As the New Zealand landscape becomes increasingly digital, the demand for digital design skills is set to skyrocket. Companies are beginning to realise that it’s no longer enough to just provide customers with digital platforms, but they must offer a user-friendly interface and craft a user experience that is both engaging and frictionless from beginning to end.
We’re digital specialists, so we get it. Unlike some recruiters, we understand how each UX role differs from the next. Whether your background is graphic design, marketing, development, or research, the path you took to get to UX will have seen you pick up different skill sets along the way. UX roles aren’t one-size-fits-all and we take the time to understand what it is you’re looking for in your next role.
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As technology continues to rapidly evolve (and, with it, the user interfaces), user experience designers need to keep up with the pace. Adapting and up-skilling to suit the needs of today’s —and tomorrow’s— user. The future of the user interface goes beyond the screen; and takes the form of voice, chatbots, artificial intelligence, as well as virtual and augmented reality.
User experience is less of a job title, and more of a purpose comprising multiple disciplines. It is a multifaceted area, all centred around a single principle:
There will typically be thousands of design roles advertised on SEEK, and hundreds of ads looking specifically for UX and UI specialists, across New Zealand.
With UX being a hot career to take up in this current climate, you can expect a good salary — especially if taking on a lead role. UX careers also offer both flexibility and stability, allowing you to choose between permanent, contract, in-house, and agency work. Do you want something to get passionate about and invest your time and passions into a long-term project, or churn and burn through a variety of projects that interest you?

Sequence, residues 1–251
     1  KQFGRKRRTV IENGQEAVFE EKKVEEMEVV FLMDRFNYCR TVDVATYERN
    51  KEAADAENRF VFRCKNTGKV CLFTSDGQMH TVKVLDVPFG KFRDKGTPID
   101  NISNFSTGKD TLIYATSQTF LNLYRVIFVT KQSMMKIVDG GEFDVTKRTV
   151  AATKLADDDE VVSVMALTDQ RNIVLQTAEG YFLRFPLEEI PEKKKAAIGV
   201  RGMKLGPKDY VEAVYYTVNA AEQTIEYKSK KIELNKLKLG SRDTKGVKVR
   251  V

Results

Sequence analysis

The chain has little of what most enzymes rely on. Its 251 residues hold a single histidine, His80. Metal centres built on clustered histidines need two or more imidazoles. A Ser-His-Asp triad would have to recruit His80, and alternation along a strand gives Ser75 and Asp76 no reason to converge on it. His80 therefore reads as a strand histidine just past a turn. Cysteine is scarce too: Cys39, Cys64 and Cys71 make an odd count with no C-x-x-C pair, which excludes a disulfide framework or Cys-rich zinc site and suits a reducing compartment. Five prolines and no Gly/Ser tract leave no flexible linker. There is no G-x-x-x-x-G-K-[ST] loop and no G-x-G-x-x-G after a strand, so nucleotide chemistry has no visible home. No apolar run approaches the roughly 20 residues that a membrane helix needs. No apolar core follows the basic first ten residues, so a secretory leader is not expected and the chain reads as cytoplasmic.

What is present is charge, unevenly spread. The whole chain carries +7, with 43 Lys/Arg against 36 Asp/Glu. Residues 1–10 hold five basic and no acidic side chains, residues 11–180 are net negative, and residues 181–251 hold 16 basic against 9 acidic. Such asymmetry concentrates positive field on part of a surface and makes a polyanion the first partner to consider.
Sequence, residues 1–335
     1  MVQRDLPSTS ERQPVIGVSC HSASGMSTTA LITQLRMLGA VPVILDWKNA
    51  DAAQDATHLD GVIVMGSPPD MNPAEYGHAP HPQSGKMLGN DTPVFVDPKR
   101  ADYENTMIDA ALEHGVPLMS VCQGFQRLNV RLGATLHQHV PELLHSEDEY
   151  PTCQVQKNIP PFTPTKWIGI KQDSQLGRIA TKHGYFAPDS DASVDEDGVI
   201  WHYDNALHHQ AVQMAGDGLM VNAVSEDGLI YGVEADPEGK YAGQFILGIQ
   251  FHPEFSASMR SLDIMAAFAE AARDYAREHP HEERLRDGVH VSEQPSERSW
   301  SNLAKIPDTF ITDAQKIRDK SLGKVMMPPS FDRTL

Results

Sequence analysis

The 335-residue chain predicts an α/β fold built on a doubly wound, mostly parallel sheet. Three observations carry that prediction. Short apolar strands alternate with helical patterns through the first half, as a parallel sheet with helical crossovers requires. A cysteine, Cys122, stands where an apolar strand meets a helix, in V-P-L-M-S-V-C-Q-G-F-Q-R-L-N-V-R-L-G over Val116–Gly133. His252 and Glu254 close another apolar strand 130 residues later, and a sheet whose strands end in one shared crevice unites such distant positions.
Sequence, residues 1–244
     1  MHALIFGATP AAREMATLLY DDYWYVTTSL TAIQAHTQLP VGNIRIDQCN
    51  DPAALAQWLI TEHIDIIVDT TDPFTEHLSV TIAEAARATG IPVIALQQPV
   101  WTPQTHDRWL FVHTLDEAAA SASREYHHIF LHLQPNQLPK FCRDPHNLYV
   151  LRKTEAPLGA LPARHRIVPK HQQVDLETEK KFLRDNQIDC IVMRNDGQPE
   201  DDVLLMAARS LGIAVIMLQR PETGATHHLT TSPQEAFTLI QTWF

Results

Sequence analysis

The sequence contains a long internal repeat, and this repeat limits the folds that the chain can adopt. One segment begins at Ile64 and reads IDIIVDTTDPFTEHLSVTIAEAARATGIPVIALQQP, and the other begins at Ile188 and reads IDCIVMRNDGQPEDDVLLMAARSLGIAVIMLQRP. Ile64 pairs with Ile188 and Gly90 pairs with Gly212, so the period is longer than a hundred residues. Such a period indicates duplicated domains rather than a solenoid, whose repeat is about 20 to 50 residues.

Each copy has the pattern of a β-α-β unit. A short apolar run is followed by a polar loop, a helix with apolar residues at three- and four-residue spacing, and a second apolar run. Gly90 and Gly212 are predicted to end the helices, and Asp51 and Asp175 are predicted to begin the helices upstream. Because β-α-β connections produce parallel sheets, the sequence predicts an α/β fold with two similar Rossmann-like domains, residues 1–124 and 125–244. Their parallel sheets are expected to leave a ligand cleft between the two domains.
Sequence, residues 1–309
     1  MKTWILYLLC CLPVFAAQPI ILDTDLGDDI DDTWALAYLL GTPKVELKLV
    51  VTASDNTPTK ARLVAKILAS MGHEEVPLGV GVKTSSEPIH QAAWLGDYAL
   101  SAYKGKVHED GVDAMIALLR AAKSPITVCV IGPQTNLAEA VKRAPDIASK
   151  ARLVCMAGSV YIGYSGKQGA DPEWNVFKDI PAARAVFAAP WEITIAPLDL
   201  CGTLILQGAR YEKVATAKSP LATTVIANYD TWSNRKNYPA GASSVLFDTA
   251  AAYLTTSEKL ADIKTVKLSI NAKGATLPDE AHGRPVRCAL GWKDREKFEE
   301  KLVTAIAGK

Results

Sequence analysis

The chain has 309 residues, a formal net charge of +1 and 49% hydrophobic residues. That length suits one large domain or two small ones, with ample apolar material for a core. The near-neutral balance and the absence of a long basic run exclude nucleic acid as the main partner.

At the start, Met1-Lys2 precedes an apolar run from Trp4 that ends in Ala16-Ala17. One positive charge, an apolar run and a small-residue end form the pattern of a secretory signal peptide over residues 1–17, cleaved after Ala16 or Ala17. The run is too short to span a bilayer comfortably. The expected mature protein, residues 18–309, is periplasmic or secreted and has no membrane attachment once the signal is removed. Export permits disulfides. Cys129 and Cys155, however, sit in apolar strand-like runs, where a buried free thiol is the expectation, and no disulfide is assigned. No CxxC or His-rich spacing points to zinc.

If you are a multi-skilled “technical creative” type, you are in demand. Many UX roles straddle the line between technical and creative. Design is not only visual. A good user experience is built on a strong foundation of insights gathering; knowing how to translate research and data into specific user interactions that align with the business’ goals. This means conducting field studies and surveys, situation-testing, persona mapping, user journey building, and information architecting.
Oftentimes, the more boxes you tick, the better. Other times, a company may be strictly looking for someone who operates exclusively on one side of the UX spectrum. A specialist. A UI designer will have a very different role to a UX strategist or a UX researcher, despite all sheltering under the UX umbrella. Front-end developers and web designers who specialise in inclusive design may also be categorised as UX designers as web accessibility is often thought to be a basic component of the most basic user experience.